Hiram is a member of the Annapolis Group, which has been critical of the college rankings process, especially the U.S. News and World Report rankings methodology. Hiram President Thomas V. Chema is among the signatories of the Presidents Letter.
Hiram was ranked #167 among National Liberal Arts Colleges by U.S. News and World Report in 2012. At the same time, Hiram is currently ranked #67 among Liberal Arts Colleges by Washington Monthly. Also, in 2012, Forbes ranked Hiram at #197 among all colleges and universities in the U.S., and #39 in the Midwest. Hiram has regularly been included in The Princeton Review Best Colleges guide, and is one of only 30 schools included in Loren Pope's book Colleges That Change Lives.
Hiram specializes in the education of undergraduate students, though the college does have a small graduate program. Hiram confers the following degrees: BA, BSN (nursing), MA (interdisciplinary studies). Students also have the option of a dual degree program in engineering between Hiram and Case Western Reserve University, through which they can earn a degree from both schools in five years.
Majors: Accounting and Financial Management, Biochemistry, Biology, Biomedical Humanities, Chemistry, Communication, Computer Science, Creative Writing, Economics, Education, Educational Studies, English, Environmental Studies, French, History, Management, Mathematics, Music, Neuroscience, Nursing, Philosophy, Physics, Political Science, Psychology, Religious Studies, Sociology, Spanish, Studio Art/Art History, Theatre Arts
Additional minors: Entrepreneurship, Ethics, Exercise/Sport Science, Gender Studies, International Studies, Public Leadership, Photography, Writing
Pre-professional programs: dentistry, law, medicine, optometry, podiatry, veterinary
Its education plan also includes international study and independent study opportunities, and faculty-guided research projects. Currently, almost all majors require some form of extensive independent project or apprenticeship experience.
Hiram has seven Centers of Distinction for interdisciplinary studies. They include: Center for Deciphering Life's Languages, Center for Engaged Ethics, Center for Integrated Entrepreneurship, Center for Literature and Medicine, Center for the Study of Nature and Society, Garfield Institute for Public Leadership, and Lindsay-Crane Center for Writing and Literature.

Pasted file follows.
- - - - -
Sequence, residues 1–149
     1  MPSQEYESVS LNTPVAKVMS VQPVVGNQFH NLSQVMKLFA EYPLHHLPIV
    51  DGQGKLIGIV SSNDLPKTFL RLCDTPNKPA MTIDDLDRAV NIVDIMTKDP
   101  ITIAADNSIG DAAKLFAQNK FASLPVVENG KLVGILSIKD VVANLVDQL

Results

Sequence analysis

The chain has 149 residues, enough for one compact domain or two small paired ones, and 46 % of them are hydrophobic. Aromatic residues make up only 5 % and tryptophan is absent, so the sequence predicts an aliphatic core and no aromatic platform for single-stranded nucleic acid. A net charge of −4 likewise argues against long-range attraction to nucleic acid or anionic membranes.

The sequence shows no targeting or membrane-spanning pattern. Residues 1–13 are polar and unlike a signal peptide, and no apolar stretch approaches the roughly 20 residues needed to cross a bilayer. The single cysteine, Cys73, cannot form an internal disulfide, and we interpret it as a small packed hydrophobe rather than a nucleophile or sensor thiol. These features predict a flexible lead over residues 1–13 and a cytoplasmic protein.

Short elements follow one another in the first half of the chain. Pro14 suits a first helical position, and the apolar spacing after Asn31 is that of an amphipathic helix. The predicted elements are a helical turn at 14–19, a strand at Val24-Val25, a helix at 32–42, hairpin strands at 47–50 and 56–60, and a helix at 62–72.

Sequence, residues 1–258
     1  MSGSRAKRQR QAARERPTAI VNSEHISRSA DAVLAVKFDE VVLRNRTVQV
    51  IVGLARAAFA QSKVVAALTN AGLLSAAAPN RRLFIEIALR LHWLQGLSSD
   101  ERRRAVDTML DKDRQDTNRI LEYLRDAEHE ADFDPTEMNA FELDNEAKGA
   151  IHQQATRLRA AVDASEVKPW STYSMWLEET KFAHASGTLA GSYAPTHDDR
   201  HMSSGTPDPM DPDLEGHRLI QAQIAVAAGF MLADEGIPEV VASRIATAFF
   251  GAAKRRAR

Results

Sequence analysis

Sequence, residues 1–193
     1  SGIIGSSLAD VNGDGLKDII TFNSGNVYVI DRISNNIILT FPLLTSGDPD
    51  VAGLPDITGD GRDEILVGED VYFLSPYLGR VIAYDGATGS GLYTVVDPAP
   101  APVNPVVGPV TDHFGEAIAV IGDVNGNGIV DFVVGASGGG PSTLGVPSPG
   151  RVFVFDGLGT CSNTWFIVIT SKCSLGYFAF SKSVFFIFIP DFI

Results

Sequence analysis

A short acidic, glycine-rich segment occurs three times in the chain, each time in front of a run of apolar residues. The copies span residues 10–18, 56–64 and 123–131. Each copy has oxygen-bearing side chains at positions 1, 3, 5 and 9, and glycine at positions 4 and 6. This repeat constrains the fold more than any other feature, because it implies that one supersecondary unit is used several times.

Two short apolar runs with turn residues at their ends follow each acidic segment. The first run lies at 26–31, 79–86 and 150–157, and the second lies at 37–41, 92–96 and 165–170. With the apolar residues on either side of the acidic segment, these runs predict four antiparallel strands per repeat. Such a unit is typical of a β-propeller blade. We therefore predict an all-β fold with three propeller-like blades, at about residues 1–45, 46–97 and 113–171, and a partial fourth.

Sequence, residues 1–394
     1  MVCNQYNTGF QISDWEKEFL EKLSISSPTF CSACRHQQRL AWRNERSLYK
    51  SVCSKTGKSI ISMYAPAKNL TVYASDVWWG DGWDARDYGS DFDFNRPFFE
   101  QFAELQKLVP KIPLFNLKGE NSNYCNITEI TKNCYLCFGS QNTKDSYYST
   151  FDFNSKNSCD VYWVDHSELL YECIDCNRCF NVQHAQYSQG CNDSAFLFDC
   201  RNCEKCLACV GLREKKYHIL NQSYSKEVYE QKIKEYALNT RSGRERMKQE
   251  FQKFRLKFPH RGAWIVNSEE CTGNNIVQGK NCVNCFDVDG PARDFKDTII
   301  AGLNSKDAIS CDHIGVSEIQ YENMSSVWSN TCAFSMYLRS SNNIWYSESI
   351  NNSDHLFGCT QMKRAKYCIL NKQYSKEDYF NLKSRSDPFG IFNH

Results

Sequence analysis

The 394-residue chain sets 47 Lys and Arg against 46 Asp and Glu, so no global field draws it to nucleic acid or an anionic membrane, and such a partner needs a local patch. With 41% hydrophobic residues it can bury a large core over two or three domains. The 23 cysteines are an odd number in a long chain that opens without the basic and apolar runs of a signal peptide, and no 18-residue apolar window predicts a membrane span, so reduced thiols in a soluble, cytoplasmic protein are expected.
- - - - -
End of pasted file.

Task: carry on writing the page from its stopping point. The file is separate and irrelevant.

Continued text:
The school's sports teams are called the Terriers. They participate in the NCAA's Division III and the North Coast Athletic Conference. Men's sports include baseball, basketball, cross country, football, golf, lacrosse, soccer, swimming & diving, and track & field. Women's sports include basketball, cross country, golf, lacrosse, soccer, softball, swimming & diving, track & field, and volleyball.
The Hiram College basketball team won the gold medal in the collegiate division of the 1904 Summer Olympics in St. Louis. It was the first time that basketball was part of an Olympics; it was included as a demonstration sport and no foreign teams participated.
The college's residential complexes include The Quad (Agler Hall, Dean Hall, New Quad, Peckham Hall, and Gray-Bancroft), The Hill (Bowler Hall, Henry Hall, Miller Hall, and Whitcomb Hall), Booth-Centennial, East Hall, and the Townhouses. They are managed by resident directors (RDs), resident managers (RMs), and resident assistants (RAs).
Student clubs and organizationsEdit
Hiram has nearly 100 registered student clubs and organizations. Club categories include academic, musical, polictical and activism, publications and communications, religious, special interest and service, and sports and recreational. There are also Greek social clubs, as the college does not allow national fraternities and sororities. Campus programming organizations include Student Senate and the Kennedy Center Programming Board (KCPB). Since 1971, Hiram has maintained a chapter of Phi Beta Kappa, the national honor society for the liberal arts. The school has also had a chapter of Omicron Delta Kappa (ODK), a national leadership honor society, since 1962.
Student Senate is the elected student governing body of the college. It serves as a liaison between students and the school's administration, and oversees all student clubs and organizations, collectively called the Associated Student Organizations (ASO). The Kennedy Center Programming Board (KCPB) falls under the auspices of Student Senate, and is responsible for planning educational, social, recreational, and cultural programs.
The following are a listing of campus clubs, by category, as of Fall 2011. The list may not be all-inclusive.
Academic: American Institute of Biological Sciences (AIBS), Astronomy Club, Chemistry Club, Education Club, English Society, Ethics Bowl Team, Fine Arts Guild, French Club, Hiram College Association for Computing Machinery (HCACM), Hiram Student Nurse Association, Hiram Writers' Association, History Club, Institute of Management Accountants, Investment Club, Natural History Club, Medicus, Philosophy Forum, Physics Club, Pre-Law Club, Psychology Club, Sociology Club, Spanish Club, Speech and Debate Club, Veticus